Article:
The final passage was 1 Timothy 5:1,2 which reads “Do not rebuke an older man but encourage him as you would a father, younger men as brothers, older women as mothers, younger women as sisters, in all purity.” I saw here the connection between the women of pornography and God’s command that I treat all young women as sisters. How could I do that if I was leering at them on the screen? And how could I leer at anonymous young women on the screen and then assume that I’d be able to then turn off that lust and treat other young women in my life as sisters? Giving in to lust in one area would impact every area. God commanded me to see young women not as sexual objects but as sisters. I had to treat them in all purity, in my heart, in my mind, in my life.
These verses, though they may be a bit of an eclectic collection, challenged me deeply and reset my mind. I memorized them, pondered them, called them to mind and lived by them. And any desire to pursue lust melted away. I know it was a work of God because he worked through his Word, just as he says he will. In its place he gave me a great (and still-growing) love for her and increased joy and satisfaction in my relationship for her. I would not want it any other way.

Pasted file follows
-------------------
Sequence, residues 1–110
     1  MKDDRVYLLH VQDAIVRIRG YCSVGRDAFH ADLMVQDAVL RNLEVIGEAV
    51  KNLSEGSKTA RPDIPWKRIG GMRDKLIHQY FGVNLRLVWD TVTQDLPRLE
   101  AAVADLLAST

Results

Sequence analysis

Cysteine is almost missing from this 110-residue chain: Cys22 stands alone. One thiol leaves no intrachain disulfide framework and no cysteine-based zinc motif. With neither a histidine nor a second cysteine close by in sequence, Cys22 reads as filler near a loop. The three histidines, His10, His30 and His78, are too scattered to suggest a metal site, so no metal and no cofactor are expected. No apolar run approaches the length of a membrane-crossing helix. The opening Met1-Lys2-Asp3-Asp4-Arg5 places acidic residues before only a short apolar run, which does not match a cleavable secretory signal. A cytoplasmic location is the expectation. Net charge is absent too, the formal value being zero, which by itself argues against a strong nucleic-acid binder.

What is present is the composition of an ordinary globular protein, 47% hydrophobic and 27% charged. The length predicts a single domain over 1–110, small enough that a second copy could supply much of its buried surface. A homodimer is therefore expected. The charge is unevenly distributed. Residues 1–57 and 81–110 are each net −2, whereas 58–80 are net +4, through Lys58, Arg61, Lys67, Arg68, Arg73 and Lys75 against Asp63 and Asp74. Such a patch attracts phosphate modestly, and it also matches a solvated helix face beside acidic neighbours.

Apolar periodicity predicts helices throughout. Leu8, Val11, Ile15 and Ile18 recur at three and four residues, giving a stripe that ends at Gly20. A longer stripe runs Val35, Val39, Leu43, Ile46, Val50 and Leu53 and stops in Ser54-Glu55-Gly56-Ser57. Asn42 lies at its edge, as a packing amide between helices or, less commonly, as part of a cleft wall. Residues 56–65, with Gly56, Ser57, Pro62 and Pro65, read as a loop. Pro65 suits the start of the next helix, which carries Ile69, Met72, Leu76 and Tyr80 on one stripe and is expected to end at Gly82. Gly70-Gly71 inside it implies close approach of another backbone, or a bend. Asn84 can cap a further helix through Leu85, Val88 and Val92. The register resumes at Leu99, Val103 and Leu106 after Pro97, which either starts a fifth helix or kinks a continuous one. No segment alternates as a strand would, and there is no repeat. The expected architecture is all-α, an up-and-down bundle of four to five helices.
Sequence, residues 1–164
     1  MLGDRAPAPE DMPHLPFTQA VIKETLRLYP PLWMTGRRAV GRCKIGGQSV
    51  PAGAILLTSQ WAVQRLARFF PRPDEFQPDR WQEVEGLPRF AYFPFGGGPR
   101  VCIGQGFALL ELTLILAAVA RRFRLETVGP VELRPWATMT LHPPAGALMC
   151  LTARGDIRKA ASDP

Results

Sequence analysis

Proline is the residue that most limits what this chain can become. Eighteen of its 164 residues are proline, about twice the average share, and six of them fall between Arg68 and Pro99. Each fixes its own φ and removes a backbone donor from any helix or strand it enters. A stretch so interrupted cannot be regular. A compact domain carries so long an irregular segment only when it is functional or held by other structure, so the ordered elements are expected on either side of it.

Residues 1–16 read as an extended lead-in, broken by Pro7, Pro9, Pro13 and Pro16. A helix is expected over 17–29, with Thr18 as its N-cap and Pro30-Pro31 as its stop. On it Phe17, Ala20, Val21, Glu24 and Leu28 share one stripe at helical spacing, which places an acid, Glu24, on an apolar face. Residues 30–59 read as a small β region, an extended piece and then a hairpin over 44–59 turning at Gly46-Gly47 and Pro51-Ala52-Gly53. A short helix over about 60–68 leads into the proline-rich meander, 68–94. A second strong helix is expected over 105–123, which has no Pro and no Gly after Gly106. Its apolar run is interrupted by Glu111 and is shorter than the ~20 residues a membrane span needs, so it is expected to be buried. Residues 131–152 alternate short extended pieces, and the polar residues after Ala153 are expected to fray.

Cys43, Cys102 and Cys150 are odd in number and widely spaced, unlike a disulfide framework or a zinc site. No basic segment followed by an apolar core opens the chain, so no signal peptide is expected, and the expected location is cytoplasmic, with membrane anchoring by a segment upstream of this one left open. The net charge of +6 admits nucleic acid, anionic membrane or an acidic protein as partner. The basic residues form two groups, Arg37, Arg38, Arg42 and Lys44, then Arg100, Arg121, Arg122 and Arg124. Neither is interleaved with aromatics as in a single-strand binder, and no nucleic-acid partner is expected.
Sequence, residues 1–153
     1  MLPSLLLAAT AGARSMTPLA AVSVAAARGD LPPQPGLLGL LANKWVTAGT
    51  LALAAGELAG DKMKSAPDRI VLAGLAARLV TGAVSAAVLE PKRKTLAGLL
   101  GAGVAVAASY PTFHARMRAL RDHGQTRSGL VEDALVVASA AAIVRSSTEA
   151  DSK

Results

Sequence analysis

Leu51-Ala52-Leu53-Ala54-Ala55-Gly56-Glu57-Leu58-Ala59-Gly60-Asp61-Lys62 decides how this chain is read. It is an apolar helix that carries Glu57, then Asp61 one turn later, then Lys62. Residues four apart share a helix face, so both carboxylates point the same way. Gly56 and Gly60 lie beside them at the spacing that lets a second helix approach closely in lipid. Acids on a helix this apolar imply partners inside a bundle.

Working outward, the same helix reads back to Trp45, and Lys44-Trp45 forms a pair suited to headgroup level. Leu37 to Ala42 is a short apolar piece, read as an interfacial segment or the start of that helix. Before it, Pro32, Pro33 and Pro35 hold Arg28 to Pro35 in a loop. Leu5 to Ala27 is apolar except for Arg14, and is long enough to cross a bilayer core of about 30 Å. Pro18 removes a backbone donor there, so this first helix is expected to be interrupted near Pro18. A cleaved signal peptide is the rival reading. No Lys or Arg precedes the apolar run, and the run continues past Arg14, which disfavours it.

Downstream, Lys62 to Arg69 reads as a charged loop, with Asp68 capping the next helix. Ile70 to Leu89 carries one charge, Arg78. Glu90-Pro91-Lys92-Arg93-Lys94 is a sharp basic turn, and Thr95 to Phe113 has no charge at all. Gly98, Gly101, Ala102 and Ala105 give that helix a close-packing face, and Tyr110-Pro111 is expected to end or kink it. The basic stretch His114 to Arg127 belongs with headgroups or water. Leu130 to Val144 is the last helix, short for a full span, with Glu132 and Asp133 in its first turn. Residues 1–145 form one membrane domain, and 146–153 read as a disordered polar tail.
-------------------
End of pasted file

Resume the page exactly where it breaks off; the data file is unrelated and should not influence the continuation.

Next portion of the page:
My encouragement to you is to find a biblical basis for purity, a biblical basis for avoiding pornography. Some men can turn away from pornography by an act of the will. Some can do it by constructing walls of legalism and forcing themselves to live within those boundaries. But it is best, I’m convinced, to find freedom through the Word of God. We need to fight sin with God’s truth; we need to replace the lies we want to believe with what God says is true. Perhaps some of the verses that God used in my life will help you; perhaps he will help you find others. But in any case, go the Bible and find there both the foundation for purity and the wisdom that can help you moment-by-moment.
The saddest emails I have received in the past few days came from women who are older than you are and perhaps even old enough to be your mother. They told tales of utter devastation—of husbands who got into pornography when they were young and who never cared to give it up. And here they are, all these years later, still damaging themselves and their wives and families. The choices they made as young men threaten to tear apart their families today. The women, the one God calls these men to be intoxicated in for all of their lives, live with gaping holes in their hearts, longing for their husbands to step in and fill them up. Could this be your wife some day?
The fact is, God does not give young men free passes when it comes to sin; he does not allow you to run wild for a time and just “get away with it.” Sin carries with it consequences whether you sin at eighteen or eighty. Turn from your sin today. Pursue freedom. Pursue Christ.
This wraps up the Sexual Detox series. Tomorrow I am going to provide a list of recommended resources for reading, counseling and so on. I will also be putting all of these articles together in a booklet. Stay tuned and I’ll let you know when that is ready to go.